Take care not to overstuff the turkey as the stuffing expands and may cause the skin to burst during cooking. Stuff the crop first. Fold over the skin of the neck and secure with a poultry pin. Finally, stuff the cavity.

Is the turkey cooked? The turkey is cooked if a meat thermometer put into the thickest part of the thigh registers 90°C. If you don’t own a meat thermometer, pierce the thickest part of the thigh with a skewer. The turkey is cooked if it is easily pierced and clear, not pink, juice runs. Some turkeys come with a little pin on the breast, the red changes colour or pops out when the bird is cooked. Instructions are on the wrapping.

Carving the turkey

Remove the trussing string and poultry pin. Place a long-bladed sharp knife between the thigh and the body of the bird and cut through the joint. Remove the leg by pressing it outward with the knife and bending it back with the fork. Separate the thigh and drumsticks and slice off the dark meat. Repeat with the other leg. Remove the wings. Carve the breast with straight, even strokes. Carve the stuffing in the crop into thin slices and remove stuffing from the body with a spoon.

To serve: Each guest gets slices of white meat and some of the dark meat. Stuffing is put on each plate – a little of each. Pass the vegetables and gravy, for guests to help themselves.

Store leftovers carefully: After any meal, store leftovers promptly. If the stuffing is involved, remove from bird and store separately. Cut meat from the carcass in large pieces and then store in smaller containers, leaving valuable refrigerator space clear.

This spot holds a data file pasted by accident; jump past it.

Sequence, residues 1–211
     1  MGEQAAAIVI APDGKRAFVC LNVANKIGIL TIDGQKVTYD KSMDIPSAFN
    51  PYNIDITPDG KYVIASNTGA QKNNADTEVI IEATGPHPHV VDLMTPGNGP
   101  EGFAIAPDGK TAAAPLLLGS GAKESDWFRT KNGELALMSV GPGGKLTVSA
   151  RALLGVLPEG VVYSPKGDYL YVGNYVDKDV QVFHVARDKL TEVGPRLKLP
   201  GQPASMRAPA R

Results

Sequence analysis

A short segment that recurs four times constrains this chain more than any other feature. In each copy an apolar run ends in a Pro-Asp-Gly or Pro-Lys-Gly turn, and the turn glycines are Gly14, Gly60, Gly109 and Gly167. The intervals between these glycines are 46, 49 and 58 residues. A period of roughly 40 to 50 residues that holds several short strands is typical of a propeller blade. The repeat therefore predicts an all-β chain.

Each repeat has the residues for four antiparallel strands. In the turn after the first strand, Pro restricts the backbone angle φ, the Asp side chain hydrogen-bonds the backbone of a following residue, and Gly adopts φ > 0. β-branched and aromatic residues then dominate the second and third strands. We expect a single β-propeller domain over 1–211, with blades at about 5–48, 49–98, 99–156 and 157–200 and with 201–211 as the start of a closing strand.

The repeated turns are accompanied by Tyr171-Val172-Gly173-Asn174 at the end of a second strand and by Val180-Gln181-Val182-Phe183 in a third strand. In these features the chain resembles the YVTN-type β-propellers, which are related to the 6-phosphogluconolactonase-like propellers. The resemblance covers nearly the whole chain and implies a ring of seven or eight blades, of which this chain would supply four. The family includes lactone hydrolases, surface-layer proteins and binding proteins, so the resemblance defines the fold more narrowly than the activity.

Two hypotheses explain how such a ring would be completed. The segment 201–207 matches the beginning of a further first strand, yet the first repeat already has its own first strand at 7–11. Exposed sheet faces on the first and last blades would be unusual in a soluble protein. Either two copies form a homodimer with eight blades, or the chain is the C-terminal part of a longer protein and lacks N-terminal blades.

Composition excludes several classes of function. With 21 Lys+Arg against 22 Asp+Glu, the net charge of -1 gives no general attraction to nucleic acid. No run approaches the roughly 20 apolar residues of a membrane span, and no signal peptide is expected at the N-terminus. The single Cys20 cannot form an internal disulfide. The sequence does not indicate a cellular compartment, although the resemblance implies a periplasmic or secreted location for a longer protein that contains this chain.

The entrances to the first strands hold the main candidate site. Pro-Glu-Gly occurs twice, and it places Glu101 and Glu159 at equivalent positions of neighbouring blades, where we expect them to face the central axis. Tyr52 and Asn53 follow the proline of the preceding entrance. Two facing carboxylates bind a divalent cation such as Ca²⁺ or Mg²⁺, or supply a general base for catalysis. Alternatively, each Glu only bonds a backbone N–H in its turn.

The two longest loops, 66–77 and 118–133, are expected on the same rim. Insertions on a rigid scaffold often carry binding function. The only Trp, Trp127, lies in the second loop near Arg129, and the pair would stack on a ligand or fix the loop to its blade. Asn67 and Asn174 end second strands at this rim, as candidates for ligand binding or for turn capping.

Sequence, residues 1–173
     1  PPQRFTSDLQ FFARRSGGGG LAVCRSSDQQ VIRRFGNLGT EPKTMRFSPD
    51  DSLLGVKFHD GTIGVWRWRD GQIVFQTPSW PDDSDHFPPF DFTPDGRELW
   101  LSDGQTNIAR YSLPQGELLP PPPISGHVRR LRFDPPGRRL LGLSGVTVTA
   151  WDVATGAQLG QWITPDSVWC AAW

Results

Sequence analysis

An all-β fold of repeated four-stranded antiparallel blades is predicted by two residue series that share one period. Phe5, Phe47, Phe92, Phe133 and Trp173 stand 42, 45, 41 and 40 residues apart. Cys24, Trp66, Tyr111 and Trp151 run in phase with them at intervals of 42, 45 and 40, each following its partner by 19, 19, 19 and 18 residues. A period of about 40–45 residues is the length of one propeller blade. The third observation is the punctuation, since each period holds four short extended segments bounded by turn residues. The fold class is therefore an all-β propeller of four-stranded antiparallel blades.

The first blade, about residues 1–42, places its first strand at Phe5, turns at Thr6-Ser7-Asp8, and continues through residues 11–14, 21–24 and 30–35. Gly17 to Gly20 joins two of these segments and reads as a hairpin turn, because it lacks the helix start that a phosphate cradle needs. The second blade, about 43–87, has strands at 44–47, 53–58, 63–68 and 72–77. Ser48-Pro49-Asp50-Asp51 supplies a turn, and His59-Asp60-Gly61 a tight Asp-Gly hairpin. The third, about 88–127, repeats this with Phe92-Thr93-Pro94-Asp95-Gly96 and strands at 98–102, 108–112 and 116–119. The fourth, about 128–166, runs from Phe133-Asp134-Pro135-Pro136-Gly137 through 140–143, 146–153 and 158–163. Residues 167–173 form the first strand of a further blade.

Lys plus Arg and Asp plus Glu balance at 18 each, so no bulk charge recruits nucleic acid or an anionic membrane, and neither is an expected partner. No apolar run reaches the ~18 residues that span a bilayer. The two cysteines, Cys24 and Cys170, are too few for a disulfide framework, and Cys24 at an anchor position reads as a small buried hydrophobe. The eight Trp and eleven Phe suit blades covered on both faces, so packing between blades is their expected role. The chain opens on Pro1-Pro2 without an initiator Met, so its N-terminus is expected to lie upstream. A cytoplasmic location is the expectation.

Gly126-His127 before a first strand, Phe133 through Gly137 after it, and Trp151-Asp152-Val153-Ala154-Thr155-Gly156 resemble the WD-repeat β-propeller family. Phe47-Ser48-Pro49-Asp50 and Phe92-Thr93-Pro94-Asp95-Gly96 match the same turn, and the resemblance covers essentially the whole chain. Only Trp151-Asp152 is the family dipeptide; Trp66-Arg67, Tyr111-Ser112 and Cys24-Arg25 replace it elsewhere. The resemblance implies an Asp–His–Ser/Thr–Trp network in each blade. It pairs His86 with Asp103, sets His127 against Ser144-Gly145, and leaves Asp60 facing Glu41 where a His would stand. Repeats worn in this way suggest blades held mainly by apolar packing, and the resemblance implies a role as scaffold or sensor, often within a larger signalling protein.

Vegetables for christmas dinner

The vegetables served with the Christmas bird are important to the success of the meal. Choose two or three from the following selection to make your meal complete.

Crisp-roasted potatoes and parsnips

Peas, french-style

Carrots vichy

Glazed sweet potatoes

Duck info

Duck is prized by gourmets for its rich flavour and succulence and can be prepared in a variety of ways. Don’t be misled by the size of a duck. A duck has more fat, a larger frame and less meat than a chicken of the same weight, so allow about 375–500 g raw weight per person.

To carve a duck:

Remove the trussing strings and set the bird on a board.

Cut straight down through the breastbone and back into halves. Use scissors, or poultry shears to cut through bone.

Lay each half on the board and make a slanting cut between the ribs to separate the wing and leg, making two good portions of each half. With scissors, trim away any carcass bone. The four portions should be two wings and two legs with a good piece of breast attached to each.


A small game bird, quail is white-fleshed and has a deliciously gamey taste. It is usually tender and should be cooked quickly either in a hot oven, or on a grill or barbecue. Allow 1 or 2 per person for a main course.